Carla Cline was getting tired of the self-absorption surrounding the covid pandemic, the way people “are just thinking of themselves, they are not thinking about the whole bigger picture and being kind and looking out for each other,” she said. Support for what matters, for those who matter, has “gotten drowned out by just the nonsense of life.”
“I was just getting frustrated and angry and sad,” the Flagler Beach resident known for launching big and very effective philanthropic efforts. “I’ve had two friends that have had to go to the hospital with Covid. And then I had a friend who had an unrelated Covid situation, that should have been admitted to the hospital, but because there was no room, he was released. And then I was thinking just about the nurses having to send people home who are really sick, and what they must be going through.” AdventHealth Palm Coast’s covid-related admissions have been above 90 for the past week, in a hospital licensed for just 132 beds.
So Cline, who a year ago raised $40,000 in 40 hours in a dune-restoration drive, devised her newest campaign: to raise 1,000 gift cards worth $20 each from local restaurants that will then be distributed to AdventHealth Palm Coast’s 1,000 employees at every level. Willing participants would go to their favorite restaurant–any restaurant anywhere in Flagler, Palm Coast, Flagler Beach, Bunnell–buy the card (or cards), draft a kind note, and turn them in at any one of four locations (see them listed below.) Cline will collect them and deliver them in batches to the hospital. One such delivery is scheduled for Monday, since she has already raised about 500.
Several restaurants, among them Woody’s BBQ, Southern Table, Turtle Shack, Tortugas, all matched the number of cards bought there, Romero’s Tuscany By the Sea created a contest with its staff to sell gift cards to clients, netting 50 additional cards, Snack Jacks outright donated 18 cards, and Si Como No, the Inn at the north end of Flagler Beach on the sea, is donating 15 two-night stays. This is not an exhaustive list: the matchers and donors are piling up quickly. Intracoastal Bank, one of the drop-off sites, suggested broadening the campaign to include nurses working at sites other than at the hospital, the nurses working in Flagler schools, and elsewhere. Cline is open to all the suggestions, which–as happens with her fundraisers–tend to take on a life of their own, matching and exceeding her goal quite rapidly.”I felt like they needed people to know that we care about them and we’re sorry,” Cline said. “They’re like in a war right now, and they need to know that people care about them. It was a way to channel my anger, sadness, frustration into something positive and it was like, instead of being upset, I was like–okay I’ll just help people that really need it right now.”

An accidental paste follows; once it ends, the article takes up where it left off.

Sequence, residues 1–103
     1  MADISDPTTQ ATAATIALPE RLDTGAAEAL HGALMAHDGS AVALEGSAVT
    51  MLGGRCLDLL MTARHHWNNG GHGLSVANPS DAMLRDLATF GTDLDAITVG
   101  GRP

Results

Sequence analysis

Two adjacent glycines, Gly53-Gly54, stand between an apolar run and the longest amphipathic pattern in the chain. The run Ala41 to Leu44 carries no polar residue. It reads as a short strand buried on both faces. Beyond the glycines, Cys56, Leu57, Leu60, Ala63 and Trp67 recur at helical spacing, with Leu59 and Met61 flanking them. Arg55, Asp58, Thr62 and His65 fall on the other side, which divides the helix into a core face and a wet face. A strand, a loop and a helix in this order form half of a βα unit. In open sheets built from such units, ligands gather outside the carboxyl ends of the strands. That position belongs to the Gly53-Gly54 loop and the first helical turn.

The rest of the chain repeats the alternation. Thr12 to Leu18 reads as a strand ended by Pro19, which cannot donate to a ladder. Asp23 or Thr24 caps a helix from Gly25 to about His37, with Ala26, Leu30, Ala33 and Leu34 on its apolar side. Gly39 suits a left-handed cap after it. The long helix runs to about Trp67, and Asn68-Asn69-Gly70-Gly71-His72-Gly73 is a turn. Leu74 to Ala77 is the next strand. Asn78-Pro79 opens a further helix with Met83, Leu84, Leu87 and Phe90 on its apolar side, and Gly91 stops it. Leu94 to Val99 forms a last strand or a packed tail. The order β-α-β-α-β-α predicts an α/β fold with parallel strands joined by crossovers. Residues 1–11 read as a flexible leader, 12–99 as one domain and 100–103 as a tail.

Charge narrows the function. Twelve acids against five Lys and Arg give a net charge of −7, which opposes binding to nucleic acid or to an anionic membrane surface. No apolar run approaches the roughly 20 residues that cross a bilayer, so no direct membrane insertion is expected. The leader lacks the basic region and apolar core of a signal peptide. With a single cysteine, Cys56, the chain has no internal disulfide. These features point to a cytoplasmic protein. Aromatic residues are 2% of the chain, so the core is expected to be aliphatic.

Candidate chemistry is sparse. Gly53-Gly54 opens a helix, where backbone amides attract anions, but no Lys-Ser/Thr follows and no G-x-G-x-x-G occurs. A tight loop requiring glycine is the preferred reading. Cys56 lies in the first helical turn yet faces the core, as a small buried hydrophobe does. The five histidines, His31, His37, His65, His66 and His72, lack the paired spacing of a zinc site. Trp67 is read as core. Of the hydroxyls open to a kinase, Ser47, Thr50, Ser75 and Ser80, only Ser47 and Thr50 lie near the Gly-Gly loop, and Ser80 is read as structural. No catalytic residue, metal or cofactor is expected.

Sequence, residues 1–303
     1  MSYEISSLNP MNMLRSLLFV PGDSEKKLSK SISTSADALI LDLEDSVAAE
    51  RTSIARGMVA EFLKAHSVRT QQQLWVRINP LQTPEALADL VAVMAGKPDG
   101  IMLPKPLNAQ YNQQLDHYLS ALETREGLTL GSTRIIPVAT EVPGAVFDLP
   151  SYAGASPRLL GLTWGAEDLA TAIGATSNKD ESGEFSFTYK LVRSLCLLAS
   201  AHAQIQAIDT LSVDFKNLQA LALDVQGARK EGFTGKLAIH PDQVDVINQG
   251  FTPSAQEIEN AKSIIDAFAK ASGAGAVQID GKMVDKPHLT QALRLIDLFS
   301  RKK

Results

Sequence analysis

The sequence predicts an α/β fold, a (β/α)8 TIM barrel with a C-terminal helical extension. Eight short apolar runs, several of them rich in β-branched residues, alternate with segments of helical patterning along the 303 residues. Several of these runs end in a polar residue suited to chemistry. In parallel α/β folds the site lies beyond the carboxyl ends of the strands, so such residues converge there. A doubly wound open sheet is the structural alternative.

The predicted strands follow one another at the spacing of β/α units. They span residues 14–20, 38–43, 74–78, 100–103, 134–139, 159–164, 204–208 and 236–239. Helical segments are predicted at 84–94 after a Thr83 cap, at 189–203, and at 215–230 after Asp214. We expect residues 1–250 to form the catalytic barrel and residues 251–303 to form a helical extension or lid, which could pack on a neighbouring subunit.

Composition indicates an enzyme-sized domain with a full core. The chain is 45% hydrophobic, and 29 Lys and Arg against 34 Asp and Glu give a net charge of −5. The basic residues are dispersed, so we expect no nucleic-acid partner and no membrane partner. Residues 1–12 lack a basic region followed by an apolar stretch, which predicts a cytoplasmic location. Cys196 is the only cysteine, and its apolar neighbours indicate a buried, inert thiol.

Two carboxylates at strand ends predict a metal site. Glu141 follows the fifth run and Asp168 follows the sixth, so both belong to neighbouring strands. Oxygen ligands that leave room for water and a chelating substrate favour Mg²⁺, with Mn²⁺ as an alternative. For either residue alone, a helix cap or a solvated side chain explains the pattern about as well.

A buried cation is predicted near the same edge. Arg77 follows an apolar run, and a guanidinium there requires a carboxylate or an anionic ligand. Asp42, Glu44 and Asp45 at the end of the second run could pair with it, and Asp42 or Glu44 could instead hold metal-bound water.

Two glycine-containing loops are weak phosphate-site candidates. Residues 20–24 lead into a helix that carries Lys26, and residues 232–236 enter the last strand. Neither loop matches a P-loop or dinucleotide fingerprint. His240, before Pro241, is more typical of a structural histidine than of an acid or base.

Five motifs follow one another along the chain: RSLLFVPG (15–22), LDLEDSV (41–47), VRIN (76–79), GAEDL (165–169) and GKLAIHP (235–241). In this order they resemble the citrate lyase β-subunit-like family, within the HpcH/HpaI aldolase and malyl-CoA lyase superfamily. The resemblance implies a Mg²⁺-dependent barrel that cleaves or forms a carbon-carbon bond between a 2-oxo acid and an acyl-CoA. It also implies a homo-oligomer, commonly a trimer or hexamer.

Cline spoke of her “heavy heart” in a video on her Facebook page on Monday, where she explained to what and why she was focusing her energy on the gift-card drive “for all the nurses and hospital support staff who are just getting their asses kicked, not just working long hours, but working long hours dealing with people who are sick, who are dying, and who are scared, and who may never see her families again.” Her voice broke at that point, before she explained the mechanics of the drive.
Cline’s social media platform reaches a lot of people, and those people share her posts with everyone they know. “It’s definitely a group effort,” Cline said. “I’ve had a ton of people I’ve never met before coming in and saying we saw your post and we want to participate. And then I have a good friend who lives in Orlando, she was a local here for a long time. Her dad actually used to own LaBella Pizzeria. She’s in Orlando. She’s starting one in her community, and then I’ve had two other people reach out to me that they’re starting a similar project in their communities for their local hospital as well. So that is equally amazing.”
The $20 figure was picked because it’s an easy number to remember, it’s a meaningful gesture to the health care workers–as meaningful to a surgeon making six figures or more as it would be to a nurse, a clinical assistant, a dietician, a patient services assistant, and so on.
“It’s not who makes the most,” Cline said, “this is a morale issue.” And all health care workers are dealing with the ordeals in one way or another.
To get in touch with Carla Cline, message her through Facebook or email her at [email protected].